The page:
There’s Only Two Types Of “Christian” (And You Should Be Able To Tell The Difference)

There’s Only Two Types Of “Christian” (And You Should Be Able To Tell The Difference) February 14, 2017

Matt Johnson, Flickr Creative Commons

As one who studies culture for a living– most specifically, religious culture, I will tell you that technically there are over 40,000 Christian sects in the world.

But realistically? There’s only two kinds of Christian– and honestly, I’m tired of pretending there’s not.

It doesn’t matter what kind (denomination) of Christian you are; there are still only two types: one is the member of a Christian religion, and the other is someone who is actively living like Jesus.

I don’t believe the word “Christian” was ever intended to be used the way we use it in America. When it was first used, the term wasn’t in reference to a well-crafted religion with a long list of tenets, but instead was simply used to describe people who actively did what Jesus said to do. Essentially, the word meant “little Christs.”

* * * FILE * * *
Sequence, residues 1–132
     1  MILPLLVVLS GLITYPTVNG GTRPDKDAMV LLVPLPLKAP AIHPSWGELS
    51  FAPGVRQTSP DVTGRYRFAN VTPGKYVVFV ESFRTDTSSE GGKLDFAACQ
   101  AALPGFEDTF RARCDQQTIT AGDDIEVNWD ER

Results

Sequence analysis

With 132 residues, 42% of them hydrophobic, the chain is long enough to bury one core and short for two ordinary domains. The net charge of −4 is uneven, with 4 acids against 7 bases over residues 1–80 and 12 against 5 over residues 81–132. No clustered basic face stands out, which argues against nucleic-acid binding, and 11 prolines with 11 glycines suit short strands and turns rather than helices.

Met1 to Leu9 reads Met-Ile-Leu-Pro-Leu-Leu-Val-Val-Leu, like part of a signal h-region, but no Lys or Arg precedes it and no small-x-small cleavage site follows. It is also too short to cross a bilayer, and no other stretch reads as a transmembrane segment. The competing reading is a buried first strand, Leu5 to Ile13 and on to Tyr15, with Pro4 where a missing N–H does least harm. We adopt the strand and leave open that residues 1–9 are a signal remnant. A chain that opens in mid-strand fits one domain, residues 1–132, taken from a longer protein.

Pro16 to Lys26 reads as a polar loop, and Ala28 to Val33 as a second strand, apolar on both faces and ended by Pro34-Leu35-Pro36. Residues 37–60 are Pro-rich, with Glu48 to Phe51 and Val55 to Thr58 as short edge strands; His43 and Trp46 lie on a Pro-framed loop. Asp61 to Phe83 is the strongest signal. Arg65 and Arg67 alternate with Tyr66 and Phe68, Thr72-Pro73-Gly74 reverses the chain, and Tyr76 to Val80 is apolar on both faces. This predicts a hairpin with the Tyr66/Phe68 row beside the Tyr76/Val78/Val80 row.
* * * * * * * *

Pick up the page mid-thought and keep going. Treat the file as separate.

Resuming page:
Christian, as the word was intended, was measurable– or at least observable. You could tell who was and who wasn’t, and that wasn’t a “judgement” about the state of their heart, either. Being able to tell who was Christian, and who wasn’t, was something one could do by simply observing their outward behavior.

Do they follow the teachings of Jesus, or not?

But that’s not what the term has come to mean in Americanized Christianity. For many of us growing up, if you said a simple prayer at the end of a sermon and “asked Jesus into your heart” you were automatically a Christian. Becoming a Christian was something done in secret, in the most quiet place in your heart. You repeat the words given to you and signify your transition into the group by quietly lifting your hand with “every head bowed, every eye closed,” and at the end you’re part of the group. Since becoming a Christian was internal and not external, there was really no way to know who was a Christian and who wasn’t.

(Well, except if they were gay. If they were gay they *definitely* couldn’t be Christian, but that’s beside the point.)